Download e-book for kindle: Amateur Telescope Making Advanced, Book Two (A Sequel to by Albert G. Ingalls

By Albert G. Ingalls

Backwoods Philosophy-Everest replicate Making Sub-diameter instruments steel Mirrors and residences Astigmatism-Warner Prisms, residences, Mirrors- construction A Quantitative Optical try for Telescope Mirrors-King appearing the Ronchi try Quantitatively The Hartmann Test-Calder Flats-Selby Notes the of Optical resting tips to Make Eyepiece Lenses The Refractor-Metal components and Mounting-Taylor The Refracting Telescope-Principles of Operation and ConstructionHaviland in general at the target Lens goal Scopes-Kirkham For the Rifleman trying out Convex round Surfaces-King Collimation and Adjustment Diagonal movement Telescope Drives-Lower for better Telescopes Spring Drives for Telescopes The Springfield Mounting-Pattern Making-Porter With of Molding and Casting Molding and Casting Parts-Ferson Molding and Casting a Fork-Mason Springfield Mounting mideligw on Molding and Casting Machining the Springfield Mounting-Porter Motor Drives, Counterweighting, Pier-Springfield Mounting-Porter....

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Extra resources for Amateur Telescope Making Advanced, Book Two (A Sequel to Amateur Telescope Making, Book One)

Sample text

S h e manner of strolcing is inucli tlie saine as in tlie conv~ntioiialmethod of hand working, but a certain precaution must be observed if dire liappeniiigs are not t o result. I t is iinperative that the workrr's wtilking around the pedestal or barre1 be very regular. If it is not, ahtig~liatismm;iy be groiind in, and i t may or may not be ground out in tlie su1,srquerit workiiig. One naturally woiiders, in first contemplating this process, why the mirror will becomc coiicave, wlieri with a11 of our prcvious experiences i t was tlie upper member tli:rt becaine concave, while tlie lower one hrcame convex.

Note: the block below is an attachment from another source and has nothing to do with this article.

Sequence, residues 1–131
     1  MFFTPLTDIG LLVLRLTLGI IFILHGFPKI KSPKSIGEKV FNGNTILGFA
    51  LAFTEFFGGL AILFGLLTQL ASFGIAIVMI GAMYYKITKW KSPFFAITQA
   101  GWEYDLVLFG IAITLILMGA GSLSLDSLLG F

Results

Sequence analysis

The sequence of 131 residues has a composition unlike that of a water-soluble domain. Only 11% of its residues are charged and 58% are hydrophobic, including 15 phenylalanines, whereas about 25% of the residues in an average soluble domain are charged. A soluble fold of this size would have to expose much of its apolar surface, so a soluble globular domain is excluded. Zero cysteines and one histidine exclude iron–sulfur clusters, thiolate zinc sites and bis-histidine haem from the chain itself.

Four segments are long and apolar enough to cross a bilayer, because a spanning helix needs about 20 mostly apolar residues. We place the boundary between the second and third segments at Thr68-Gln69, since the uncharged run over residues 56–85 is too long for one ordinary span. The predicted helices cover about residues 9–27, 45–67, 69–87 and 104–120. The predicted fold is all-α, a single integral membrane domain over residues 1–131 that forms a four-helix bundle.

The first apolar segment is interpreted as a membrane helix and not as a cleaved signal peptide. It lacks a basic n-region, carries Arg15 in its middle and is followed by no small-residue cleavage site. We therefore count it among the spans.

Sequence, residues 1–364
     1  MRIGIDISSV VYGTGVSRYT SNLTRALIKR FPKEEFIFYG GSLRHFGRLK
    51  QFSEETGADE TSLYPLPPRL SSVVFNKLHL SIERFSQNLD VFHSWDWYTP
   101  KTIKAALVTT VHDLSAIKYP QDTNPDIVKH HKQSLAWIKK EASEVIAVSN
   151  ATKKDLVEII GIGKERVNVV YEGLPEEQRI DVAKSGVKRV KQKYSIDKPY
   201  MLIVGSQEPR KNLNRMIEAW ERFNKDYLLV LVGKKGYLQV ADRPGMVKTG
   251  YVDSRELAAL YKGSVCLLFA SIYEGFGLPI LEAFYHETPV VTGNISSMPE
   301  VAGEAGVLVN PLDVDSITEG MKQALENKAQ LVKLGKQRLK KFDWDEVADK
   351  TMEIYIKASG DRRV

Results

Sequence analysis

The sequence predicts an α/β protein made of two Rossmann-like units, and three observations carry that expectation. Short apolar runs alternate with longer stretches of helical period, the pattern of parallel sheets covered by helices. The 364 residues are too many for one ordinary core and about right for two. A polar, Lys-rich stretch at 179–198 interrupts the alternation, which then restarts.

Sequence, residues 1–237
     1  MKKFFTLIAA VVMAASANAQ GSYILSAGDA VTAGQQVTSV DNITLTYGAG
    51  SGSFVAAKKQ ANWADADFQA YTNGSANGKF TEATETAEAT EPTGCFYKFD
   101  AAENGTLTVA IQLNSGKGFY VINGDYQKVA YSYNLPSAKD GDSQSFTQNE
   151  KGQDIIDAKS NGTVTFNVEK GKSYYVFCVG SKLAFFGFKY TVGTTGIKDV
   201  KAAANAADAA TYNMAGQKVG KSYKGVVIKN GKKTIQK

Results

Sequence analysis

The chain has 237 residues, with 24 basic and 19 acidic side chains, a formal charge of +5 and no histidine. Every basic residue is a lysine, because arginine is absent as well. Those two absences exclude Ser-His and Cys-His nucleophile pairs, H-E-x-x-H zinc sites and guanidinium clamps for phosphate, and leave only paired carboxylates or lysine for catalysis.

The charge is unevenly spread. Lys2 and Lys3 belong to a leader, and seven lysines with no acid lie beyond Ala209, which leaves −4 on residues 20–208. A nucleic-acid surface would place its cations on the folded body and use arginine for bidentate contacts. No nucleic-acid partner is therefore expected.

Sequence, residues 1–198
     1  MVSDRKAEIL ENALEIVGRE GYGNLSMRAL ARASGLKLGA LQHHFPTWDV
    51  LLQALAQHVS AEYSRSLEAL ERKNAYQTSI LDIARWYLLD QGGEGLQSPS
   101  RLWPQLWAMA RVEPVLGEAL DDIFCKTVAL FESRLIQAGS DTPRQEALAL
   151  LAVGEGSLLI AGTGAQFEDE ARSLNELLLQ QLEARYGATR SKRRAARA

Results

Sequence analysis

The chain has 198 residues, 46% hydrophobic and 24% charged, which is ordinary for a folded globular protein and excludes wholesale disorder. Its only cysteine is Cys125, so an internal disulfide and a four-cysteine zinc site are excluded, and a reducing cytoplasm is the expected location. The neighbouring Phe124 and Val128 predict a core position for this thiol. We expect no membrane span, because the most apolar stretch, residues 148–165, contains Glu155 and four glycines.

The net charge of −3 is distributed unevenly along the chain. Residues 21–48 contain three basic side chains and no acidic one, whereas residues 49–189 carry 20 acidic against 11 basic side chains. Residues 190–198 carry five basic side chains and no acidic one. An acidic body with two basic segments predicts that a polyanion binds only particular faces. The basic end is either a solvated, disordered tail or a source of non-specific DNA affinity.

SMALL TOOLS 51 with mirrors of short foca1 length. One word of warning: The mirror, when face up, is much more likely t o be scratched. U. E . I17arnsr, C'hicclgo, Zllinois: There is nothing particularly new in the use of the sniall tool iii rvorking optical surfaces, nor is the method of working a mirror "fnce up" a novel one. In fact, practically ti11 of the larger rnirrors are mnde in this manner. Nearly al1 rnachine grinding and polisliirig is done in tliis way. I n a o r k i n g mirrors by tliis metliod it is the mirror hlank, nnd not the tool, that is fastened t o the pedestal.

For the proper Iiurnidity t o reduce evaporation effects, it 46 MIRILOR MAKING if too f a r out use thosc slio\vn in Figure 30, riplit. T r y t o deteririine the pro1)er strokes early in tlie fipuring and liolcl to tliem. Slie distributiori of iiititeriiil tu ht. remoreti can be seen by lnying a straiglitetlge arross tlie tal) of tlie I:ist curvc in "'l'lic. iiter of currature, :inri not develop t i hole. 'rlie first curve iii the family sliows tlir p r o l ~ c r cross-sectioii. 11s tlic differeiice between iriside antl outhicle raclii of curvature oppro:t<-lies +/R, work should be more and more leisiirely, witli plirity of tiiiie oii tlie testing stand for the mirror t o coriie to ecluilibrium.

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Amateur Telescope Making Advanced, Book Two (A Sequel to Amateur Telescope Making, Book One) by Albert G. Ingalls


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